Another change in my life: I was adding ninth grade to my schedule. I had not taught ninth grade since my first traumatic years at the school. However, the 3:00 a.m. voices beseeched me to cast my assorted insecurities aside. Besides, if there was a year to leap to another grade, this was it.
They called themselves the gang of nine: Sarah, Stephanie, Joanna, Chandra, Damon, Steven, Jeremiah, Zach, and Hayden. Even though I never sleep in the bedroom where I am now living, there is a framed photo of the gang posing on and near the Sundial in Cranmer Park. It sits on the top of a chest accompanied by miscellaneous, probably sentimental, treasures.
In ninth grade English, the original plan to focus on King Arthur had taken a bit of a back seat-- Arthur was in the room. Call his knights, his queen, and him a visible presence. The days of reading Mary Stewart had succumbed to death by small print. We may have sampled some excerpts from John Steinbeck’s The Acts of King Arthur and His Noble Knights. I did ask the kids to read Tortilla Flat as a prime example of literary allusion; my idea of screening Spencer Tracy and Hedy Lamarr in the film fell apart, as did my formal lecture on the allusions. Not the first or last “big bungle” in my career.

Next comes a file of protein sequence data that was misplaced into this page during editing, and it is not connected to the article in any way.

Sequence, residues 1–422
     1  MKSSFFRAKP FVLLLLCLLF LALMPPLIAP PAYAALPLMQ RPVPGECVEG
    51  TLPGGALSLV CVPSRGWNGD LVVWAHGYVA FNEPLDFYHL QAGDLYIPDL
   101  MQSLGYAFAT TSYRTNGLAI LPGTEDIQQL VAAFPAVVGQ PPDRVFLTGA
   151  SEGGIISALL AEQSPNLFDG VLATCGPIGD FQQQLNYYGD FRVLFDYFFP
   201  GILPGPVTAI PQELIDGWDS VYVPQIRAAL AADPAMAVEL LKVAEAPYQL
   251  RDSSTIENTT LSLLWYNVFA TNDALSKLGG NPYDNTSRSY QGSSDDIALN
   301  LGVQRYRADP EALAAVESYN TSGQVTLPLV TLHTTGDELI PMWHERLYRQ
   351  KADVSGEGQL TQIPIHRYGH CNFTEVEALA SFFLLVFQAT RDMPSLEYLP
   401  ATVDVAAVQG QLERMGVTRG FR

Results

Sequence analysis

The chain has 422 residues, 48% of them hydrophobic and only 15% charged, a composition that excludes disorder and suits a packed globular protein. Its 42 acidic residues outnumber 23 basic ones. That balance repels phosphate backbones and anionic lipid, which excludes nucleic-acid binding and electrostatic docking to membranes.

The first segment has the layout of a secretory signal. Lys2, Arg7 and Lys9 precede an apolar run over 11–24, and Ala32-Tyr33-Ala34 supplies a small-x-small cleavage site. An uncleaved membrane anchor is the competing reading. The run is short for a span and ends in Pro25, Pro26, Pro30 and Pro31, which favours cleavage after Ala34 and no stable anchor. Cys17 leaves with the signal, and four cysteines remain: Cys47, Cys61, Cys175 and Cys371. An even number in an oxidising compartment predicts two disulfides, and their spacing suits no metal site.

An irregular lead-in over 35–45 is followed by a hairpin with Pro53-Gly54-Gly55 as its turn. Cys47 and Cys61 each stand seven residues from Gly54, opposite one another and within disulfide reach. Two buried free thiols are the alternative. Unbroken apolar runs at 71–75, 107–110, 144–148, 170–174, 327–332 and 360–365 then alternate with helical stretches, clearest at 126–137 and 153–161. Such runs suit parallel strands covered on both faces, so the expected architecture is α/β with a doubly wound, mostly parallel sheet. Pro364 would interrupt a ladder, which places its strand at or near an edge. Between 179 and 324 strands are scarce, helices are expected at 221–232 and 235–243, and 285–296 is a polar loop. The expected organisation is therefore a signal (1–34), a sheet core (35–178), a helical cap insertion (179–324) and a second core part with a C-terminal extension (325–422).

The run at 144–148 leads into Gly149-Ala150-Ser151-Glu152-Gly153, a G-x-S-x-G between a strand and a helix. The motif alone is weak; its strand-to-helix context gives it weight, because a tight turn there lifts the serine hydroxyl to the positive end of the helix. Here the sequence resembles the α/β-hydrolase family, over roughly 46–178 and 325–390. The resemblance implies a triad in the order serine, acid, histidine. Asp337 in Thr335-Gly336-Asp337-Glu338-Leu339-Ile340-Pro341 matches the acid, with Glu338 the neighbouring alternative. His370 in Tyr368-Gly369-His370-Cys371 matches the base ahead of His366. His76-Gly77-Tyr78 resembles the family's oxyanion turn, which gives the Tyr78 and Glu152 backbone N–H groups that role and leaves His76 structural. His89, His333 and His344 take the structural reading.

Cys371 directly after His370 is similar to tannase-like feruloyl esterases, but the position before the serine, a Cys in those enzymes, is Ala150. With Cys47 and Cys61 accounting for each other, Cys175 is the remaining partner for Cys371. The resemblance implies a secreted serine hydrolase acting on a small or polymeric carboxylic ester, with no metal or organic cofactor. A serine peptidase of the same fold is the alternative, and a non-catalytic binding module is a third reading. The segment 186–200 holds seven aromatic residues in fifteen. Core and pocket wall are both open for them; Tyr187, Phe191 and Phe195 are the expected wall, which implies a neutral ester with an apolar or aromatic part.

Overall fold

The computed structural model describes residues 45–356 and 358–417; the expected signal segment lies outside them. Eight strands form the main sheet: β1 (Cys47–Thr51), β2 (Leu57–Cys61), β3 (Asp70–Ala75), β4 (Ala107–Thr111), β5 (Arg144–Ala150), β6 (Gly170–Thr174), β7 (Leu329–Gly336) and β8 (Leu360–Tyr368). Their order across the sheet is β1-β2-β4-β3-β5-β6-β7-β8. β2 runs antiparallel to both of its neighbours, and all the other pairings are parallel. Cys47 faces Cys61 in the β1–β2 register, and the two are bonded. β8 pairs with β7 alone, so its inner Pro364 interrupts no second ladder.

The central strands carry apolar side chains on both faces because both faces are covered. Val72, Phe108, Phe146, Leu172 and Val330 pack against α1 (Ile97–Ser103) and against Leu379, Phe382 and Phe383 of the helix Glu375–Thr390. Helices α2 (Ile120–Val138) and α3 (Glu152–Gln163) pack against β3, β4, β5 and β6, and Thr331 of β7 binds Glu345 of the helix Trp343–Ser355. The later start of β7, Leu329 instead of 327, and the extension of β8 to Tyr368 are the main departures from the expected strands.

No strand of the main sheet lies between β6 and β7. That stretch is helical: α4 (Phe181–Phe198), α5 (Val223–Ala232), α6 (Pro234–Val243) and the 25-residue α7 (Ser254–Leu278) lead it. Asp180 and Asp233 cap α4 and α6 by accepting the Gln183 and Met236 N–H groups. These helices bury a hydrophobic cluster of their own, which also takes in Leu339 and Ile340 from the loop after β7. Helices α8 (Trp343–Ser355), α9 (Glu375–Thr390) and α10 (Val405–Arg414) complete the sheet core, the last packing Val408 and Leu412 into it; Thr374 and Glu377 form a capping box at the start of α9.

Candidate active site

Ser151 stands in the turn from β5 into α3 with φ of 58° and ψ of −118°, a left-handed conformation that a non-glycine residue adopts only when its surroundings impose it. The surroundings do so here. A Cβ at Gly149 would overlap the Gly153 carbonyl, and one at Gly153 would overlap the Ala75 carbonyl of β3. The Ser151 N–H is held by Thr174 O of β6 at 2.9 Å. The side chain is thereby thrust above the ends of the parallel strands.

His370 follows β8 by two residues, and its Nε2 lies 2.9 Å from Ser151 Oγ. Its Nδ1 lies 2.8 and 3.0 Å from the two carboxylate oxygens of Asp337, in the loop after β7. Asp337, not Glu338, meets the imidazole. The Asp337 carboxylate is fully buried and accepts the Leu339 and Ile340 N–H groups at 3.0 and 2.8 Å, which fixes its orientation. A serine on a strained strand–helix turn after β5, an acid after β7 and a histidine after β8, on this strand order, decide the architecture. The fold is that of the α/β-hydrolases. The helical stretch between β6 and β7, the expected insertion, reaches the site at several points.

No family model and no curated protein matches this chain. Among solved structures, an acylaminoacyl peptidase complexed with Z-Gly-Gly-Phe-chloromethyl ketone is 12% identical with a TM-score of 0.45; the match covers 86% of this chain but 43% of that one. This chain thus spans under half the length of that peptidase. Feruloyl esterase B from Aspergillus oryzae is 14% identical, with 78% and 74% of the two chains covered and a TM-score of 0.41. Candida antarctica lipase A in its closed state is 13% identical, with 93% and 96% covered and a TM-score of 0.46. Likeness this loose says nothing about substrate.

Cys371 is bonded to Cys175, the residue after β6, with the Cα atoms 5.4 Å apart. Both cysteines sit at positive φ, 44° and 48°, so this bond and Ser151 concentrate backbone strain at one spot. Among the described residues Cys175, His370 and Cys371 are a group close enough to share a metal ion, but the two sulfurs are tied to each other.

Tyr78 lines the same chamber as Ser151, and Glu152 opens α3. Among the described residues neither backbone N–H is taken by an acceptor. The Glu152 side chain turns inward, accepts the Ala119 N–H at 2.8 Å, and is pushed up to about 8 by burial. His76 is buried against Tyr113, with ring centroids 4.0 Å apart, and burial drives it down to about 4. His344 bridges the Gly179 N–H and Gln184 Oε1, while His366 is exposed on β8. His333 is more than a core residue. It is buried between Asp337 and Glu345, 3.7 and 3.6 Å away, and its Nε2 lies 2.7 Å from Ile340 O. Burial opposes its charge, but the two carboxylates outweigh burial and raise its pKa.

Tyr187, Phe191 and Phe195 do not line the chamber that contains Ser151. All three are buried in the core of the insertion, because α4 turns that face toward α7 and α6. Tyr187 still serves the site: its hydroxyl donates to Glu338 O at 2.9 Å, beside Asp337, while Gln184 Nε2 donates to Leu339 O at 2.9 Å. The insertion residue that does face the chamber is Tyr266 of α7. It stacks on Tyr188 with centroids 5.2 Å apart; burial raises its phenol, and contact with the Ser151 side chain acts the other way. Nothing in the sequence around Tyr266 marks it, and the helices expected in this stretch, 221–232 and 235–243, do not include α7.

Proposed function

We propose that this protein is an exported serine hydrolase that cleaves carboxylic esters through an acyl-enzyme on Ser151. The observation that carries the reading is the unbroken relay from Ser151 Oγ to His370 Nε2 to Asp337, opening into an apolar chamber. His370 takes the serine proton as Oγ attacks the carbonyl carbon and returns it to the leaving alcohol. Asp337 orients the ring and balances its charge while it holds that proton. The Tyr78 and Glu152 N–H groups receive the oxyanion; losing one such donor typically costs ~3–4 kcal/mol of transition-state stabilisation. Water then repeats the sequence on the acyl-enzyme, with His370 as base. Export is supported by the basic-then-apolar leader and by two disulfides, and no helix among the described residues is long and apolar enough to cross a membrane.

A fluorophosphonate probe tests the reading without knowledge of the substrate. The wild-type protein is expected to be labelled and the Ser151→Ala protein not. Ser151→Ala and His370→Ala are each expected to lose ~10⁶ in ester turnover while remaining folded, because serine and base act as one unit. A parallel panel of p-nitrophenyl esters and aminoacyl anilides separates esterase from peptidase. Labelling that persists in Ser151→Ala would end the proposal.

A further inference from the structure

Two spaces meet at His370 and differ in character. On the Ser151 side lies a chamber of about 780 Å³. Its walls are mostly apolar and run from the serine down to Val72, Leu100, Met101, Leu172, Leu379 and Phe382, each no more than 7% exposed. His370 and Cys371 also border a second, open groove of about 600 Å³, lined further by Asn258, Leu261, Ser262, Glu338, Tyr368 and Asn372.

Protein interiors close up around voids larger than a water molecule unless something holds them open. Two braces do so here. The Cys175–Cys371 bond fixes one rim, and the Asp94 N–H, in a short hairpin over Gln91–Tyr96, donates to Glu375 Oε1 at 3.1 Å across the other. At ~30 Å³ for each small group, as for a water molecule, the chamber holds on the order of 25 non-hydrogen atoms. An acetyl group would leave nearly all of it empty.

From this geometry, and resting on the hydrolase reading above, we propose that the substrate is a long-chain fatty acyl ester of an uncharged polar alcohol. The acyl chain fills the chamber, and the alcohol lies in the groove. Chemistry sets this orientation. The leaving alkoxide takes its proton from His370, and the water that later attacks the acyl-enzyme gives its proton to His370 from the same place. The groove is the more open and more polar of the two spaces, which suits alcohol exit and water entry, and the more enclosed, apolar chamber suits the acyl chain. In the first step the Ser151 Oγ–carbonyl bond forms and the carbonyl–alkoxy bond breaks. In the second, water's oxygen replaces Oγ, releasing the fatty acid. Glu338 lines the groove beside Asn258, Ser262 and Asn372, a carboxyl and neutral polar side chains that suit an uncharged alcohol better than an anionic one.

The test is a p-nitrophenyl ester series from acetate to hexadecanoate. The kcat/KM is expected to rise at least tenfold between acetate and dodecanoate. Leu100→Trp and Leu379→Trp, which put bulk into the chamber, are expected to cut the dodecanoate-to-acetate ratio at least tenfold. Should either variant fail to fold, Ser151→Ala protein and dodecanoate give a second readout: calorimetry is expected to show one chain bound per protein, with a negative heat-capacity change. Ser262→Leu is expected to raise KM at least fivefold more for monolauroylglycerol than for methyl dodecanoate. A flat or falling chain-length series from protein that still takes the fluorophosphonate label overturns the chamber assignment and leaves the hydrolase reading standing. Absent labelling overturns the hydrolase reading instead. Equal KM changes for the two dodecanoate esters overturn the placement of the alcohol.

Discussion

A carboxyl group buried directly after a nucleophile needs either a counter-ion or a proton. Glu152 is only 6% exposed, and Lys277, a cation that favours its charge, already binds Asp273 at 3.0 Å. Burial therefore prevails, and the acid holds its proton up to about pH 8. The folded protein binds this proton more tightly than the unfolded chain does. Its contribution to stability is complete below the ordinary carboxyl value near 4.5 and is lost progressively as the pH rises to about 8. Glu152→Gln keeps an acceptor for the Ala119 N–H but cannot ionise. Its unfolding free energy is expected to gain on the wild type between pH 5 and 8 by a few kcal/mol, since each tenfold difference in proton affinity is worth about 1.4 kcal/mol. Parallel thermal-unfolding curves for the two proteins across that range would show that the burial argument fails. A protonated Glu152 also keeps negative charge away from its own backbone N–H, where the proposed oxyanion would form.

Arthur’s replacement was a term paper on relevant topics pertaining to the Middle Ages-- from Stonehenge to chivalry, not to mention witchcraft and the roles of women. I recall spending a small fortune on books for the class and asking Karen Oldham to buy more books. Thanks to Katie Dodge, the collection was excellent, but the project and the books resulted in yet another Hickey obsession. I marched around bellowing, “You need more books for this topic.” It was a marvelous “exercise” in reading, research, note-taking, writing, and editing. I had never devoted so much time in my career to an assignment.
Somehow, I did sneak Shakespeare’s The Taming of the Shrew into the curriculum. Richard Burton and Elizabeth Taylor made an appearance via film at the Frankels one Saturday afternoon. The boys in the class rebelled in a quiet way against my showing all of Kiss Me, Kate, a musical version based on the play. I thought I could pull it off; I erred. Imagine resisting Ann Miller singing “Too Darn Hot.”
One time, w even threw away copies of a grammar book when I noticed an outrageous error in the book-- something about gerunds ending in -ing (fine and dandy) and d-or -ed (not so fine, definitely, not dandy). I retrieved the books from the garbage can during a free period.
As always in these memory pieces, the above is just a snapshot -- albeit, often hazy -- about a year in teaching. I do not mean to ignore my two eighth grade classes that year. Suffice to say, the theme of rites of passage was alive and well in U-51. A deep regret was not teaching more grammar skills.